These “murky measures” range from anti dumping actions, countervailing duties and safeguards against import surges, to import and export restrictions, to restrictions like domestic content requirements, and to subsidies or supports to flagging local sectors. These would be weapons of choice to “fair traders” like Donald Trump, and are likely to surge in 2017 no matter who becomes president.
Making things worse, in the recession since 2008 trade has stagnated and actually fallen since 2014. From trade growth averaging 16 per cent a year between 2003 and 2008, it has slowed to annual growth of just 1.5 per cent since 2010. Confidence in the benefits of free trade has been rocked. As manufacturing demand has fallen inside China, so raw material exporters worldwide have suffered sharp declines. At the same time China has begun to “domesticate” more high-value-added parts of global supply chains, so shortening the chains and reducing export opportunities for component makers along these supply chains.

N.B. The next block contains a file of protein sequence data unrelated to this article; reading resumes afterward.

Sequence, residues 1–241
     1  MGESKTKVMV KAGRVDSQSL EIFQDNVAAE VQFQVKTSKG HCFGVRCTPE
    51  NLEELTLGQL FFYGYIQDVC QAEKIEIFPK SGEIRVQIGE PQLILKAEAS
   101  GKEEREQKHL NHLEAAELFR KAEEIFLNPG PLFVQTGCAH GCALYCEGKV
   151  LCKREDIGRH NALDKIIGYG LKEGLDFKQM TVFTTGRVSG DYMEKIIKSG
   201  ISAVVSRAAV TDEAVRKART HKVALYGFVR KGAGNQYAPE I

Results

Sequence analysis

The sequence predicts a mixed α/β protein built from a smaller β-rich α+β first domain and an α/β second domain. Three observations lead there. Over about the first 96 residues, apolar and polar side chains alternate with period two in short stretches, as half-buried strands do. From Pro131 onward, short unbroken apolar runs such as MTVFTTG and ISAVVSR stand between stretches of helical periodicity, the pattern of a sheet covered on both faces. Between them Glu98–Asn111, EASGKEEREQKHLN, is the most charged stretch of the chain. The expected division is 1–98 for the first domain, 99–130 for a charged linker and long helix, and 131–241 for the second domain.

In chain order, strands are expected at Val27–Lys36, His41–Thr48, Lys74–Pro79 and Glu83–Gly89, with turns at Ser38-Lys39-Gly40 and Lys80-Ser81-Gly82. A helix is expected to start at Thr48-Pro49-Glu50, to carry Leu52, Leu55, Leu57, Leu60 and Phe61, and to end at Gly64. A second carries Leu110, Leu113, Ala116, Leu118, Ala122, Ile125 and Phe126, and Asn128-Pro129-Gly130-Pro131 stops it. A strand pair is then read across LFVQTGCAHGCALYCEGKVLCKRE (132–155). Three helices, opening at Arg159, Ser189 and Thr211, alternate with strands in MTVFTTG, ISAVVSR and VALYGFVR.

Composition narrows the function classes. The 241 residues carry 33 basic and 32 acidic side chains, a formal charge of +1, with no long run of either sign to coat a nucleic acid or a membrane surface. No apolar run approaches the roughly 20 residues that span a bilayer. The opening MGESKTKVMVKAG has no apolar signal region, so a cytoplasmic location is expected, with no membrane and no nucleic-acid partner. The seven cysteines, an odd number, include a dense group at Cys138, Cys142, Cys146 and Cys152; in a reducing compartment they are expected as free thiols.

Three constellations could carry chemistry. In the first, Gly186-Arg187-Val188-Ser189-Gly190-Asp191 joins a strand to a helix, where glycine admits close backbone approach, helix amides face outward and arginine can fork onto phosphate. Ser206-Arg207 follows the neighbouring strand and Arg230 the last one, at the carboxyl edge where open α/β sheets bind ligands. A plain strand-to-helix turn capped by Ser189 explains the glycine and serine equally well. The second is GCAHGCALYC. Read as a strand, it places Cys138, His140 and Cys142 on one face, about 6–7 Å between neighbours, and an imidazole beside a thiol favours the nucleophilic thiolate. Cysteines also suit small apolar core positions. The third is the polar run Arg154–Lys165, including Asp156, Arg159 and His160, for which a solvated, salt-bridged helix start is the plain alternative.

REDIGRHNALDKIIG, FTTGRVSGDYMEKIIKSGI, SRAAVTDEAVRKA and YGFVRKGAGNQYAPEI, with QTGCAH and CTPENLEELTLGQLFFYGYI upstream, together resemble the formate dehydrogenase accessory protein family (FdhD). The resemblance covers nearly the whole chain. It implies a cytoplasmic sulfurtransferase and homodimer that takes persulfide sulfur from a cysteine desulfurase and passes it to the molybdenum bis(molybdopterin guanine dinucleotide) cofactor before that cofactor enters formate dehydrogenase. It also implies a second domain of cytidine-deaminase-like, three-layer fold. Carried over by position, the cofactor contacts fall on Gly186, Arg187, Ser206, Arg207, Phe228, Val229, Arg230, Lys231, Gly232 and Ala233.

Sadly this “crisis of trade confidence” is occurring exactly when the digital revolution is for the first time enabling start-up entrepreneurs and small enterprises to win access across internet platforms like Taobao and Amazon to global opportunities that historically have been closed to them. For the first time, it is not just large multinational corporations who stand to benefit from liberal global trade.
Brexit and Donald Trump together warn us that ill-informed voters have the potential to force political changes that could immiserate us all. If we are to protect the liberal world trading environment built over the past four decades, we in business have a responsibility to make sure this does not happen. We must make the case in favour of liberal trade more forcefully and more effectively. Complacency is not an option.
David Dodwell is Executive Director the the Hong Kong-APEC Trade Policy Group